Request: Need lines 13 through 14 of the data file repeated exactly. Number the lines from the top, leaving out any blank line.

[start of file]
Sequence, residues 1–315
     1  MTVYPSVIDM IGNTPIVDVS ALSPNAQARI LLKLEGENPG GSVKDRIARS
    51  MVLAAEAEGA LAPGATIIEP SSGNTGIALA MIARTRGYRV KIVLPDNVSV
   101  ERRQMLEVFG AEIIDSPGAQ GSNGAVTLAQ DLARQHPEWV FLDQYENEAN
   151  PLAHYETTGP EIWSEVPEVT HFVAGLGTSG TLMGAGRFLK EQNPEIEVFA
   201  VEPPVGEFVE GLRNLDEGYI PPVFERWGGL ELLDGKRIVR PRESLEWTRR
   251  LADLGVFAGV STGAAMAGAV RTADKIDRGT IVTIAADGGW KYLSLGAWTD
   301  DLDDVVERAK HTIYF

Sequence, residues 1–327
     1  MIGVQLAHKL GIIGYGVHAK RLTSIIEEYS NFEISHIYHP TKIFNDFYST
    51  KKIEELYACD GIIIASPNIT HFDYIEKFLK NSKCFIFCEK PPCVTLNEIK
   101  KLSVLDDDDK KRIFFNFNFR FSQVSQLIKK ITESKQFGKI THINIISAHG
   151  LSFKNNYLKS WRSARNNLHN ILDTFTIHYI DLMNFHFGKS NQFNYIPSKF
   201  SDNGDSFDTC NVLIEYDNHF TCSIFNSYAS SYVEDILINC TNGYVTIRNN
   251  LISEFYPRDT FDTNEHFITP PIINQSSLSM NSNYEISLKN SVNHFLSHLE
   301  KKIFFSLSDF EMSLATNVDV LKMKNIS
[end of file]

   151  LSFKNNYLKS WRSARNNLHN ILDTFTIHYI DLMNFHFGKS NQFNYIPSKF
   201  SDNGDSFDTC NVLIEYDNHF TCSIFNSYAS SYVEDILINC TNGYVTIRNN